My friend Kenneth Hobbs died today. He suffered a massive heart attack two weeks ago and never made it back to us. You’ve heard me talk about his work. One of his paintings is even on this site. But I haven’t talked much about who Ken was outside of his paintings. He and his wife, Janet have become my Montepulciano family. Sunday lunches with them, glasses of red wine and long conversations form some of my favorite memories of my time here. Ken and Janet moved here over 25 years ago, expat newlyweds on an adventure that never stopped. They shared a love of travel and art and music. Just three weeks ago I was toasting him bon voyage on his trip to France to visit the house of Cézanne in Aix-en-Provence. Monet and Cézanne were two of his favorite painters and inspirations for Ken’s beautiful paintings.
At 86 Ken still painted daily, producing a legacy of work that covers most of walls of Janet and Ken’s home and also those of one of our local restaurants. Ken whistled while he painted in his attic studio and when I would sit outside in the afternoons with Cinder, it always filled me with a sense of peace to hear his melodic whistle echoing down the street. From a naval officer in World War II, to a creative director on Madison Avenue (one of the original Mad Men, he liked to say), Ken was a story teller. He told them in words, in photos, in fiction and in his paintings. He was a collector of toy soldiers, a lover of classical music and a great reader. He made a delicious ragù and although he never spoke much Italian in public, usually relying on Janet’s language skills, he loved Italy and he loved Montepulciano. British by birth, he still had his cup of tea every afternoon, but in the mornings he took a cappuccino and brioche at the local bar. He was a the epitome of a gentleman, but also had a wicked and bawdy sense of humor.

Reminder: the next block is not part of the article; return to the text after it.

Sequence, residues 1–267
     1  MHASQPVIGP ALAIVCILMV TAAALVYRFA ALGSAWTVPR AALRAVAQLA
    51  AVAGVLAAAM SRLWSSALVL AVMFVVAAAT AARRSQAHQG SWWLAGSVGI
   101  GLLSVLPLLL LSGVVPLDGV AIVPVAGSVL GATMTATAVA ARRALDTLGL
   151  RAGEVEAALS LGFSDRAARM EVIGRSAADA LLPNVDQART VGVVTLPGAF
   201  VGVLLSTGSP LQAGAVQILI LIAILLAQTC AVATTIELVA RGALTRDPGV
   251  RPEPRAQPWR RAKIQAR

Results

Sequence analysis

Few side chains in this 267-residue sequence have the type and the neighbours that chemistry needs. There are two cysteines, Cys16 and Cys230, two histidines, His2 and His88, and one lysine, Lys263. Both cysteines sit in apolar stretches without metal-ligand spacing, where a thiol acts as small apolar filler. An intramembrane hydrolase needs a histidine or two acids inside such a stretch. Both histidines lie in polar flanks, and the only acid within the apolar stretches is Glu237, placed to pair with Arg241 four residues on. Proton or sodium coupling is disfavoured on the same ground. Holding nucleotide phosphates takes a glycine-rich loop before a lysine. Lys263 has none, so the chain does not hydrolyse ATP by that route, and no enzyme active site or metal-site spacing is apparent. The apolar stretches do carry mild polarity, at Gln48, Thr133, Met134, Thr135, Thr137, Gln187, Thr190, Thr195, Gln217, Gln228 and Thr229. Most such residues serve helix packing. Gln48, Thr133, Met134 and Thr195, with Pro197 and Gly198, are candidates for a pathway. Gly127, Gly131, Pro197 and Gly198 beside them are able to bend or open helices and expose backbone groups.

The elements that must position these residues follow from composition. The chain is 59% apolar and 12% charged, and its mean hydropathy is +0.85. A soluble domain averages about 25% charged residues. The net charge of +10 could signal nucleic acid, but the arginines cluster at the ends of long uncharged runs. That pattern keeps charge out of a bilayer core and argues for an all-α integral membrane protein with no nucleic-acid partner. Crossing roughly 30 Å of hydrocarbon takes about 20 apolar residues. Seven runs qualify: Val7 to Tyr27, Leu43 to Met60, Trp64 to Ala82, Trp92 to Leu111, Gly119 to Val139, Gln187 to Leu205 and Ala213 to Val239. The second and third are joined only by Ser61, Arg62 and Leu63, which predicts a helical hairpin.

In addition to sharing a bond as Leos and a love of carrot cake, we also shared a passion for the local dessert wine, Vin Santo. We made it our mission at Sunday lunches to try most of the Vin Santo produced here and considered ourselves relative experts on the subject. I never tired of listening to his stories, especially those about meeting Janet who he often proclaimed was the love of his life. There will be a small memorial for Ken on Tuesday, but the real memorial will be in the summer. In August, when Leos thrive, we will celebrate Ken’s life with a walk in the nearby Tuscan countryside that so inspired his work. We will sprinkle his ashes, drink some wine, eat some carrot cake, and remember. Addio, amico mio.
Some of Ken’s work…
10 thoughts on “Impressions…”
I look forward to seein Ken’s beautiful artwork when I visit Montepulciano in the spring. So sorry for your loss. Sounds like he has left you with many great memories.
This is a lovely tribute to your dear friend and am very sorry for this great loss.
What a beautiful tribute to your friend Ken. I’m so sorry you’ve lost him, but how much richer your life has been from knowing him…..it shines through your words. Take care….
What a lovely memorial to your dear friend. It sounds like he lived a full and remarkable life.
What a heart-felt post – I feel your sadness – but what a joy to know him and his beautiful work. Vin Santo will forever be sweeter with his memory. Ciao Fxx
Thank you all for the lovely words. I am glad that I was able to share a little bit of Ken with all of you.
As always your writing has invoked a feeling of knowing! Sorry for your loss!
Thank you for sharing a little bit of Ken’s life with us. Everyone of us has a story and I’m glad that Ken and Janet has touched your life. I love that you will be celebrating his life in August with a few of his favorite things. His work will live on in his paintings.
Such a poignant post. Love your writing and am so looking forward to reading your book!
Beautifully written, this post brought tears to my eyes. I didn’t know Ken at all except for a couple references in your book. Through your tribute I feel like I know him a bit better. The summer walk will be a fitting memorial to his life, which seems to have been very well lived.